Britain: police given new powers against the young
4 January 2005
The festive season saw no let up in the Labour government’s imposition of draconian policing measures.
On December 26, the Home Office announced that young people between 10 to 15 years of age would face on-the-spot fines for anti-social behaviour.
Police powers to impose the fines on this age group—issued for vandalism, misuse of fireworks and underage drinking—first won parliamentary approval in September. Seven police forces in England will be able to impose the fines, including Merseyside, Nottinghamshire and the West Midlands.
On-the-spot fines of between £50 and £80 were introduced against those aged 16 years and over in April, since then some 40,000 have been issued.
The government has said that targeting fines against younger teenagers will force parents to deal with anti-social behaviour, as the parents of those who do not pay the penalty can face imprisonment.
Home Office minister Hazel Blears said, “Parents cannot be spectators, and have to take responsibility for their children. They cannot stand by whilst their children cause damage and distress to law-abiding citizens.”
Blears claimed that fixed penalty fines were “particularly appropriate” for young teenagers, as “police can deal firmly and quickly with first-time, low-level offending in a way that avoids the young person going through the criminal justice system.”
The fixed penalty notices builds on the government’s Anti-Social Behaviour Orders (Asbos), which came into force in April 1999. Part of the Crime and Disorder Act, targeting “nuisance” families and individuals, Asbos enable action to be taken against named individuals, even if they are not guilty of a criminal offence. Announcing the measure Prime Minister Tony Blair had threatened, “For too long the selfish minority have had it all their own way. That’s changing.
“The fightback against the criminals, the louts and the nuisance neighbours is well under way.”
Issued by a magistrate’s court following an application, usually by a local council, an Asbo sets down restrictions against named individuals. It applies not only to criminal acts but also to acts which may be the precursor to a criminal offence—so that a 33-year-old woman, for example, was barred from owning a TV, stereo or radio to prevent her playing loud music.
The Asbo need not be time specific and can run indefinitely if the court deems it appropriate. Almost 3,000 anti-social behaviour orders have been issued since they came into force. In some instances people have been served Asbos preventing them from wearing hats (so that they cannot disguise their identity from CCTV operators and police) and ringing doorbells without permission.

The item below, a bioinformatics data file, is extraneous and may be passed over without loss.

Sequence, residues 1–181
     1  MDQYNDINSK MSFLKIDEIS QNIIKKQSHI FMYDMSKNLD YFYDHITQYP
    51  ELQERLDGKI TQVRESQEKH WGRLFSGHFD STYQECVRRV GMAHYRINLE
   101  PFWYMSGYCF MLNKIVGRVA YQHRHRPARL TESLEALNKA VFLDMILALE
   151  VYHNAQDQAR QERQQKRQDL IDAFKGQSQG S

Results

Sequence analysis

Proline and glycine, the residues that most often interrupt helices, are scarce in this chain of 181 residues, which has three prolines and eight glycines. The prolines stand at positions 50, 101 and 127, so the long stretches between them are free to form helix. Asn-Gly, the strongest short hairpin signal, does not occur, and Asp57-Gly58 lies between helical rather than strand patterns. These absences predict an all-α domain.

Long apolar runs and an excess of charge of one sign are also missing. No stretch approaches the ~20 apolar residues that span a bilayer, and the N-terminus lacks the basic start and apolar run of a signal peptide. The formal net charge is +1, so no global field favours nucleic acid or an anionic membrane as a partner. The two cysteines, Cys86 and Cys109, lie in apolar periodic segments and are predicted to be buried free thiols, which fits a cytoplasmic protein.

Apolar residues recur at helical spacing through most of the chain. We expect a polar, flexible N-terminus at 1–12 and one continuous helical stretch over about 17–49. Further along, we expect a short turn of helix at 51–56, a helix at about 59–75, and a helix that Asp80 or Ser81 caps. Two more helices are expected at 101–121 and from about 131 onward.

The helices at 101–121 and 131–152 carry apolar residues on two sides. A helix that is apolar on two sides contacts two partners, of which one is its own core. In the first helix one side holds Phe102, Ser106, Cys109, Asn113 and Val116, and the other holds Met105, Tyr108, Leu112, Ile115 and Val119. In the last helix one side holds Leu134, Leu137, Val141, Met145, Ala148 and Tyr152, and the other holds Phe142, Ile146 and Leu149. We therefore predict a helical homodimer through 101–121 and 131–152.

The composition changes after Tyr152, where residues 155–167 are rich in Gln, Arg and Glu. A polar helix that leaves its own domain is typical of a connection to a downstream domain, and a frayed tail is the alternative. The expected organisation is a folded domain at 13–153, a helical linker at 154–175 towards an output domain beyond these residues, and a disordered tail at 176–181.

Asbos have been issued against all age groups. One 87-year-old woman was given an Asbo preventing her from “harassing” her neighbours, but the orders are generally targeted at the young.
There have been many instances of young people being barred from walking down certain streets in their neighbourhood, or entering shopping centres. On December 24, twin 10-year-old boys became the youngest recipients of an order after council officials in Norfolk accused them of playing loud music, playing ball games, running around on the balcony outside their flat and banging on stairwells. The twin’s 13-year-old brother, and two other boys aged 15 and 13, were also made subjects of an Asbo.
Such cases have led to complaints by the probation union, Napo. On December 26, the union issued a survey urging a review of the anti-social behaviour orders, which it said were being “abused”.
More and more people were being imprisoned for breaching the terms of their orders, Napo reported, even though their original offence was not an imprisonable offence. In 2001, 114 of the 322 Asbos issued resulted in the offender being jailed, rising to 212 imprisoned out of 403 orders imposed in 2002, the survey showed.
Napo said that Asbos were also subject to a “geographical lottery” with some areas of the country, such as Greater Manchester, being five times more likely to issue an order than other areas.
Among the cases highlighted by Napo is a young girl served an Asbo to prevent her spitting in public; she is in jail on remand after a witness reported that she had breached it. Another case involves a 28-year-old man who received an Asbo for “howling” in a way that alarmed his neighbours. He has been imprisoned twice for breaching its terms. Earlier in the year, a 15-year-old was sentenced to six months in a detention centre for failing to abide by his order.
Such instances underscore how the Blair government deals with social problems by resorting to criminal sanctions. People with mental health problems requiring medical treatment are instead being subjected to injunctions that they cannot possibly meet, ending up in jail as a consequence. Similarly young people—often excluded from school—are “named and shamed” on posters and in newspapers and effectively criminalised.